Understanding the dependence in Makefile
make is a simple and useful tool which controls the building of your source code. It can be used in any programming language. It's also can be used for reducing the repetitive tasks. For example, if you have multiple shell tasks that listed one by one. You can use
make to organize the workflow.
If you've downloaded an open-source project or joined a new project as a developer. To run the entire project, you have to start building it first. Nearly all open-source projects have a
Makefile for organizing code. But the
Makefile is not easy to understand. Its official manual is so long and hard to understand. It's difficult to modify a
Makefile for you want if you're a newbie. Indeed, you can Google the
Makefile tutorial and then copy&paste some codes within your
Makefile. Even though you don't know how
Makefile works, your code running.
This post will take you 10 minutes to understand the
make core conception. Afterwards, you will create your own
Makefile to run some basic tasks and figured out how
Dependence is the
make's core conception. Understanding the dependence is the most important principle in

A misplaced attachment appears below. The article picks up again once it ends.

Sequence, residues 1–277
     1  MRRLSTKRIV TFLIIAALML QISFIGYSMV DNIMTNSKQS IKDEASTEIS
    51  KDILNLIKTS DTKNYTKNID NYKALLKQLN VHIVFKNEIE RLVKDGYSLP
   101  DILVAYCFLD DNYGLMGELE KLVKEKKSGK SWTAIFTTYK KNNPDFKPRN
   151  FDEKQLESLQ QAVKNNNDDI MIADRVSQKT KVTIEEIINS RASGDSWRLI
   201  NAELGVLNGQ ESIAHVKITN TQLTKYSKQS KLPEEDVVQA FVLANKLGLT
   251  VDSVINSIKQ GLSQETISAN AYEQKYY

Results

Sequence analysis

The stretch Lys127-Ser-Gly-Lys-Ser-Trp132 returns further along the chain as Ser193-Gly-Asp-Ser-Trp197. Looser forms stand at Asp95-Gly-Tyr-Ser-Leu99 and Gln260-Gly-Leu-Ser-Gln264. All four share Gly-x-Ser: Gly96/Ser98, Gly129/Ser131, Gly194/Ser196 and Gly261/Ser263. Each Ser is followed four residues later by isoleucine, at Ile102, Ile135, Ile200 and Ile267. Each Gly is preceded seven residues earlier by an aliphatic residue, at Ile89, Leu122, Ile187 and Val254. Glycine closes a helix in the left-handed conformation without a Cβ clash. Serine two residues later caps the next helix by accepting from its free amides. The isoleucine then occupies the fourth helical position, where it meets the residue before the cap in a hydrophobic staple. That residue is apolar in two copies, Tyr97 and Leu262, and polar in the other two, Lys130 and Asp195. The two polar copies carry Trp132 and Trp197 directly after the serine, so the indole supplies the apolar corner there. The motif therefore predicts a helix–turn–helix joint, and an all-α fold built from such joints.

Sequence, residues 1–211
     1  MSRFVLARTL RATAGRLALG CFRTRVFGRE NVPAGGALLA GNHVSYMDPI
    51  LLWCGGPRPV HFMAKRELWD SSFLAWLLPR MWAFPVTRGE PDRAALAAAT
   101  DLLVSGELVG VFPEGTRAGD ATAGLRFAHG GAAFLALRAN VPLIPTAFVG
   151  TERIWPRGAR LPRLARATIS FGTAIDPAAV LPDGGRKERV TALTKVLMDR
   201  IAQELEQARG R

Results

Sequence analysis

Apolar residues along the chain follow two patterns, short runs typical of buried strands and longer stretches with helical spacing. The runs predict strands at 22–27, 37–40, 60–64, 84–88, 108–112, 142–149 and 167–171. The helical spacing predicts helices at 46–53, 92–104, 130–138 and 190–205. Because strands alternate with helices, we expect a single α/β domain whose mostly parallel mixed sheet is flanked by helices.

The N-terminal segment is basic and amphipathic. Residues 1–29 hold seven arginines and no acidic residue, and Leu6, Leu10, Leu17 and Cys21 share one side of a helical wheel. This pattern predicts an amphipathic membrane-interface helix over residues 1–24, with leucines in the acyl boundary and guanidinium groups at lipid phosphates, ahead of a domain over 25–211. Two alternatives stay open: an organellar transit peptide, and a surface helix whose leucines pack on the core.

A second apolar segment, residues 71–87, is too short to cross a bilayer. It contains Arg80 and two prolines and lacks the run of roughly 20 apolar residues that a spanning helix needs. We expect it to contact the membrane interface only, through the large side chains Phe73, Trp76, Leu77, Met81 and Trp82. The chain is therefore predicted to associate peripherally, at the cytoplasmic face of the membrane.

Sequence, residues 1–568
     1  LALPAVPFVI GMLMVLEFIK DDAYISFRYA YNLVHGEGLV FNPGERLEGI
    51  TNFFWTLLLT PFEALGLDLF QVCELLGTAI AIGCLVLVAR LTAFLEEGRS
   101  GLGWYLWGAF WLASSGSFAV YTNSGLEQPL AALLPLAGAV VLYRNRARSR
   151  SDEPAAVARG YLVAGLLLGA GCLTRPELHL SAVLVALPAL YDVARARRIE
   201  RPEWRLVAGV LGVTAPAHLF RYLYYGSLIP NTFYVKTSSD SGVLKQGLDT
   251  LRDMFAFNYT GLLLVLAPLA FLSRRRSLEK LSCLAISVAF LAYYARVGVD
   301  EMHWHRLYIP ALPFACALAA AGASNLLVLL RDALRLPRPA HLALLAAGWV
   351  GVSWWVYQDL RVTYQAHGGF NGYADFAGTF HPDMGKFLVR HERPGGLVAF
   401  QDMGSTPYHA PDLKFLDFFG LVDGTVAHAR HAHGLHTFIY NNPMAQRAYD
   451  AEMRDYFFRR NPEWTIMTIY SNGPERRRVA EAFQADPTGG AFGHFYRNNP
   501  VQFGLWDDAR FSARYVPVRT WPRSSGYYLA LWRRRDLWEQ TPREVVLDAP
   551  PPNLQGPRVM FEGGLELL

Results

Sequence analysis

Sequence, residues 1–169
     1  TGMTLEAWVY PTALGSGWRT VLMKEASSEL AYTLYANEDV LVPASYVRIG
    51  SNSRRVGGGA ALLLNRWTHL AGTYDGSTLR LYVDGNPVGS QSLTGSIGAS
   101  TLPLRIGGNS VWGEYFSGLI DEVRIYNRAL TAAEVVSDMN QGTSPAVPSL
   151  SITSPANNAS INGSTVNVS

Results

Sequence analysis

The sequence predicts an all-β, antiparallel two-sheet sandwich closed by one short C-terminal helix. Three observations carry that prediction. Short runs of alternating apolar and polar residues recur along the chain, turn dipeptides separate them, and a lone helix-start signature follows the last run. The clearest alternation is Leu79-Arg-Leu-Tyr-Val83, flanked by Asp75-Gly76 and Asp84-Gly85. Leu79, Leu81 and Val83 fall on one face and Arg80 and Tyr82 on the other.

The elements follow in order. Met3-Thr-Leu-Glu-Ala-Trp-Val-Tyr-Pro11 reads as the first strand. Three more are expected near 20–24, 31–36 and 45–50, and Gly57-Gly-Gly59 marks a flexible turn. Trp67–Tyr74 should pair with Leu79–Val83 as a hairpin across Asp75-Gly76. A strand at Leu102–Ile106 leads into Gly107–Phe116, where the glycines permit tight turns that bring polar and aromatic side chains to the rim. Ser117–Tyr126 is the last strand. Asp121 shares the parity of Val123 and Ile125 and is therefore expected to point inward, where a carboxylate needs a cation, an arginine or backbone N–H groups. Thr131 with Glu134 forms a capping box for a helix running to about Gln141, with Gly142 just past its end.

make. In the
Makefile every task depends on other prerequisites, which can be files, tasks, or some other form of rules. If you want to run a task, you must define the target and prerequisites. We call this a dependence. A simple
Makefile consists of "dependencies" with the following shape:
Makefile do nothing because the
bar target is undefined. Target should be depend on a defined prerequisite or be defined how it works. The following target defined to run
foo: echo "hello world" #noticed: you must use 'tab' to start this line.
A realistic example
Next, we will give you a realistic example. Suppose we have a simple C project, which contains the following files:
. ├── http.c ├── http.h ├── main.c ├── socket.c ├── socket.h
In our project, we have the following dependent relationships:
To build an executing file with
gcc, we must compile the source code for the object and then linked them to an executing file. Here are our rules:
http.o: http.c http.h socket.h gcc -c http.c socket.o: socket.h gcc -c socket.c main.o: main.c http.h socket.h gcc -c main.c
Link all object files to an execute file:
exe: http.o socket.o main.o gcc -o exe http.o socket.o main.o
make exe to build your own project.